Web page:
June 22, 2023: Approximately 340,000 workers at shipping giant UPS, represented by the Teamsters union, have voted to authorize a strike if a new tentative agreement is not reached with the company by July 31. The voting process took place last week at local union halls across the United States, with an overwhelming 97% of workers approving the strike authorization.
Negotiations between UPS and the Teamsters began in early May 2023 and are ongoing. The workers are hopeful that a strike can be avoided, as they acknowledge the financial impact it would have on them and their families and the potential effects on UPS customers. However, they believe that the company is responsible for meeting their demands and finalizing the contract.
The UPS workers have several key demands for their new contract. These include the installation of air conditioning in UPS vehicles, pay increases for part-time workers to a minimum of $25 per hour, the elimination of two-tier wages for package drivers, an end to subcontracting, the removal of driver-facing cameras, the cessation of a forced sixth day of work per week, and the creation of more full-time employment opportunities.
One worker, Viviana Gonzalez, emphasized the challenging conditions under which UPS employees have worked, particularly during the pandemic. She highlighted the risks they faced, the long hours they dedicated, and the lack of additional compensation despite being classified as essential workers. The workers argue that UPS has generated substantial profits, amounting to $56.3 billion, during the current contract period from 2019 to 2023, and they believe these gains should be reflected in their next agreement.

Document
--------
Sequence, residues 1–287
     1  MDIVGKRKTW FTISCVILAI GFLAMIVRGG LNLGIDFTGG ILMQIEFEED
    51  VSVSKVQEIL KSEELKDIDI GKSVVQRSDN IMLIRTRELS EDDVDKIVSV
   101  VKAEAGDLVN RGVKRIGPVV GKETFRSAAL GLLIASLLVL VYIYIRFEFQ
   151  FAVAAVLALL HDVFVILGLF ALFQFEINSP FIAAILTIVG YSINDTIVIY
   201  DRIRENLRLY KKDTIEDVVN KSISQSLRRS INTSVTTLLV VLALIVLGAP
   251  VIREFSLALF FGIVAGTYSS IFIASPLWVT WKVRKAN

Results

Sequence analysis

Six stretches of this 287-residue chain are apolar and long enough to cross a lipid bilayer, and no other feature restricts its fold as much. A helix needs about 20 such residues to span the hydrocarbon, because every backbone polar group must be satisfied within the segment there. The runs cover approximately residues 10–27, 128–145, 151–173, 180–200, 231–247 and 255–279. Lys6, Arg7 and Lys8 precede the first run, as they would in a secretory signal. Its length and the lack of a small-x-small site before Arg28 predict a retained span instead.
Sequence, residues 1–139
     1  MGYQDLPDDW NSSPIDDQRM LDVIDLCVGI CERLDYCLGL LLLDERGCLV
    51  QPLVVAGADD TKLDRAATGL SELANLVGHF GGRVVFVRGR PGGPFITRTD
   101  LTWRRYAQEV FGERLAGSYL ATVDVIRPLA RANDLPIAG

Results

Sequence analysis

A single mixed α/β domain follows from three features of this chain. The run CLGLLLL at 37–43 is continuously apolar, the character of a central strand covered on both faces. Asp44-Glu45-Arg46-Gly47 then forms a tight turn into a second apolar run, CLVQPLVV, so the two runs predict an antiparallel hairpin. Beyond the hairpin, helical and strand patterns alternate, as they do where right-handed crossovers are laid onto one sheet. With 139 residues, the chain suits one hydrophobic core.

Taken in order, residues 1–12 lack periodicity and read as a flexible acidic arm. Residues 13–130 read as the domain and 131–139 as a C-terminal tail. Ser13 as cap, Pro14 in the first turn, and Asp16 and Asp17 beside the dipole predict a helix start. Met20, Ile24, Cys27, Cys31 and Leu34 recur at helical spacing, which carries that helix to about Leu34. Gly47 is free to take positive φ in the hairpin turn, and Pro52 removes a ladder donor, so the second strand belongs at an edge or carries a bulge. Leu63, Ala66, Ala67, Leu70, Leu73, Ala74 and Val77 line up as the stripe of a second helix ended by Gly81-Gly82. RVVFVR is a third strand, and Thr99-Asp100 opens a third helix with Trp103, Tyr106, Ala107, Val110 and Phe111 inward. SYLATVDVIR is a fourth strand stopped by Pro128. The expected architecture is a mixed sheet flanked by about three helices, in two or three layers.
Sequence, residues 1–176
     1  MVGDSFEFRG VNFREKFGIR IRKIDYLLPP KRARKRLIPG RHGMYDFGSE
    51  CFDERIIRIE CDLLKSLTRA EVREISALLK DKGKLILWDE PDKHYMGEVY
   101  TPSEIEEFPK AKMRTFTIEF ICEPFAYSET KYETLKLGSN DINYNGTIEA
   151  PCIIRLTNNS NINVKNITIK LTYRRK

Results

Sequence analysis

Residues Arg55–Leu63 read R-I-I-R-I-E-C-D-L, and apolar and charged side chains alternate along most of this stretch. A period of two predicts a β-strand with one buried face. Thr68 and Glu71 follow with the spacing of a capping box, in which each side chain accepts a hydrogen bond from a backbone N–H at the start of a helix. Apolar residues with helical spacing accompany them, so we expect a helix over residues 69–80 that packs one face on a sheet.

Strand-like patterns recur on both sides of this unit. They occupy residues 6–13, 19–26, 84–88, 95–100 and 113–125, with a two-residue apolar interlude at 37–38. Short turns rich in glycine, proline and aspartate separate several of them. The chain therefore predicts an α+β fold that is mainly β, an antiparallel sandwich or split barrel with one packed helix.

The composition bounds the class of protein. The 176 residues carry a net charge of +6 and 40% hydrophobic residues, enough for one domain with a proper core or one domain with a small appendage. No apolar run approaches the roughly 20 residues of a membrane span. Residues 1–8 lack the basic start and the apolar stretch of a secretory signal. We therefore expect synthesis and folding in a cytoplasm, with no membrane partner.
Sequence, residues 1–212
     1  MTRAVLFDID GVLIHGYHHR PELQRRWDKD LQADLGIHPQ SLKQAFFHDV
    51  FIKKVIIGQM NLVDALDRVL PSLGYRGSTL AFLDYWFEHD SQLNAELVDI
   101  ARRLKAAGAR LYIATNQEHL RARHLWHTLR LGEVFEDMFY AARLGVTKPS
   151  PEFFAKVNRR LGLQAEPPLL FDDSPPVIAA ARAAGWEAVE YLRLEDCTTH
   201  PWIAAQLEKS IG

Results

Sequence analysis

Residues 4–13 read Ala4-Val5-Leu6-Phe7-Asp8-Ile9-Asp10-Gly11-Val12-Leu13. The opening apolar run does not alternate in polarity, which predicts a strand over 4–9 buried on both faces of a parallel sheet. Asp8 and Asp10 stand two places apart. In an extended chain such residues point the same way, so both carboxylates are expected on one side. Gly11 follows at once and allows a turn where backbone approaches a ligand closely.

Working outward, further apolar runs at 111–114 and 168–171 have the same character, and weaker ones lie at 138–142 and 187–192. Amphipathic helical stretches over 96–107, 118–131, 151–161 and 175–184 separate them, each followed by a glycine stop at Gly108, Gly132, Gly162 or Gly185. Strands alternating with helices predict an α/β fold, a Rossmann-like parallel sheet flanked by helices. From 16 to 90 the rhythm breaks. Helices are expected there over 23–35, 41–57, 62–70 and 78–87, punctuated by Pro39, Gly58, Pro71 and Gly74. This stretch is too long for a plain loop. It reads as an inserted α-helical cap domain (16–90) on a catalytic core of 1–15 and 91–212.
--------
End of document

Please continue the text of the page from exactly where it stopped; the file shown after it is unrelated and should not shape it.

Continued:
Ted Breen, a pre-load worker at UPS, shed light on the physical demands of the job and the inadequate wages for new employees. He expressed his concern that the current starting wages are insufficient to retain workers in the local job market, considering the strenuous nature of the work. Breen felt like he performs a full-time workload in four or five hours.
In response to the workers’ vote to authorize a strike, UPS acknowledged the outcome but clarified that it does not automatically trigger a work stoppage. The company emphasized its commitment to ongoing progress in key issues and expressed confidence in reaching an agreement that benefits employees and the company.
The next steps involve negotiations on economic proposals, which are set to commence in the coming week. The Teamsters union has already achieved 43 non-economic changes to the UPS Teamsters national agreement during negotiations. Additionally, the union recently secured a significant demand by obtaining a commitment from UPS to introduce air conditioning in their delivery vehicles, addressing concerns over extreme heat exposure.
The UPS workers’ decision to authorize a strike reflects their unity and determination to secure the best contract in the company’s history. They believe that if UPS fails to meet their demands, it will be a strike against the company itself. Both parties will continue their negotiations to reach a mutually beneficial agreement.